For freezer bags I generally just go with the Ziploc quart bags and gallon bags (I know you can get these at any old store but as of the date of this post, there’s a 20% off coupon for both so I figured I’d share). I use freezer bags for tons of stuff from entire one pot meals, diced veggies and separating meat into smaller quantities when I buy in bulk.
I use these freezer containers for soups/chili, bone broths, even just as prep containers with frozen veggies. They work perfectly and the price is even better. I also found this type of Rubbermaid is the best plastic container for freezing foods in. When I was on the hunt to find quality Tupperware, I bought this set at Target for over 20 bucks then saw it on Amazon for $8 and swiftly bought 2 more. They’ve held up for over a year now between freezing, microwaving, storing in the fridge and being in the dishwasher.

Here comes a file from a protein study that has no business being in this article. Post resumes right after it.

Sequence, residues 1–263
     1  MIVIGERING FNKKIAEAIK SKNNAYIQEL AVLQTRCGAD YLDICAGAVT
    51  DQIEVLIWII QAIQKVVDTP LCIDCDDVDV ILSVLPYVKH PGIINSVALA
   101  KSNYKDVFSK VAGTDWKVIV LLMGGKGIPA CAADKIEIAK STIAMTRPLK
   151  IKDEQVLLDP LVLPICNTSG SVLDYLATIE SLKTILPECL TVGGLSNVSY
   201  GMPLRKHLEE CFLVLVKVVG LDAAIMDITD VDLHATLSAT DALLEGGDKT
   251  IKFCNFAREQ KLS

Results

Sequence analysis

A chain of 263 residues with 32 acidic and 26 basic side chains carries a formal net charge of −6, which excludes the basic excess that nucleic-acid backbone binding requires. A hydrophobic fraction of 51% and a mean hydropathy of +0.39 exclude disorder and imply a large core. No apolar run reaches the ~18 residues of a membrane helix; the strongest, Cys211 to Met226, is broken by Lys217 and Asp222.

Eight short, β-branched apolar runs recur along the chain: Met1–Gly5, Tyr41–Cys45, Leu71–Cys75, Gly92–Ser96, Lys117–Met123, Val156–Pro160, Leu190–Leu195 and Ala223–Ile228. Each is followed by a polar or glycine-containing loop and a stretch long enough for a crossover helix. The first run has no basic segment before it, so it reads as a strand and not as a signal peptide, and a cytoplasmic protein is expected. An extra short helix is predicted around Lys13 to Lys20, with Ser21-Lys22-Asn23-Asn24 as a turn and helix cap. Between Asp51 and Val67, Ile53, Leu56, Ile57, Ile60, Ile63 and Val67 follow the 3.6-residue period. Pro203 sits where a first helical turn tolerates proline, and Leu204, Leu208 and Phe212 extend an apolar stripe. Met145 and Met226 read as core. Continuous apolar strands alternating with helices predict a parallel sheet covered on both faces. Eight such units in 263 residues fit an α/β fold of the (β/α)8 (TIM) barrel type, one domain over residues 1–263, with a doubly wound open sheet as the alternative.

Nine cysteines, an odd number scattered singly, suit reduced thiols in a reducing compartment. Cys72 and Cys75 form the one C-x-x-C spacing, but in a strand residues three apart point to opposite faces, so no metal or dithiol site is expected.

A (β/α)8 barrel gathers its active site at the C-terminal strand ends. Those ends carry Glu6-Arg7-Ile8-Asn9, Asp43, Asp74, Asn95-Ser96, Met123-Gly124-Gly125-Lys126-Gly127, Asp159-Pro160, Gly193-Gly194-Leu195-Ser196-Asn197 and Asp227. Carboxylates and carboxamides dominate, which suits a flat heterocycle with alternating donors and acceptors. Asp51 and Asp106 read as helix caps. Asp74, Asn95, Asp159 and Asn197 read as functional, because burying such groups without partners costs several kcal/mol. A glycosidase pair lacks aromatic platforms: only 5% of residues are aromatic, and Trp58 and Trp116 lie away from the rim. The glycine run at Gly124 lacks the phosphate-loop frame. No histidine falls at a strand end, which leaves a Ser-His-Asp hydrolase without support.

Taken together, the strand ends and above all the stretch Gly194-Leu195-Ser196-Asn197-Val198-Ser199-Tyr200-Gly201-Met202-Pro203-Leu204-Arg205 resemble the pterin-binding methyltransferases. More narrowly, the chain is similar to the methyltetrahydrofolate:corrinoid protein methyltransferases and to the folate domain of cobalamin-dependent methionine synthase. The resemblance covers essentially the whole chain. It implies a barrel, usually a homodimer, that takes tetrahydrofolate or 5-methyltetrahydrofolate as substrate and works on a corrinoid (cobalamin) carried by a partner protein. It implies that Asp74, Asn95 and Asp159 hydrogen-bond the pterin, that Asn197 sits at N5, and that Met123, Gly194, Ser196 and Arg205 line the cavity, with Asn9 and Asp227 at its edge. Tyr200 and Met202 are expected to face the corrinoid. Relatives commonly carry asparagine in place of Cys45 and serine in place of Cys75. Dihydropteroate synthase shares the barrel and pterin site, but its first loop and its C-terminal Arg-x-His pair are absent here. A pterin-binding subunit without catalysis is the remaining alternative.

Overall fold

I also have an insane amount of Pyrex. They can go from the oven to the freezer or the freezer to the oven to the table without any extra dishes. I use them to prep, store and reheat just about everything. I bring my leftovers and meal prepped meals into work in them, too. If I’ve got a lot of them in the freezer at once, I jot down the contents and the date on a piece of masking tape and stick it on the lid. It comes off really easily if you take it off right when you remove it from the freezer. The rectangle sets are my most used and well loved ones because they’re perfect for cooking varying sized casseroles, baking chicken or salmon, storing roasted veggies in the fridge, etc.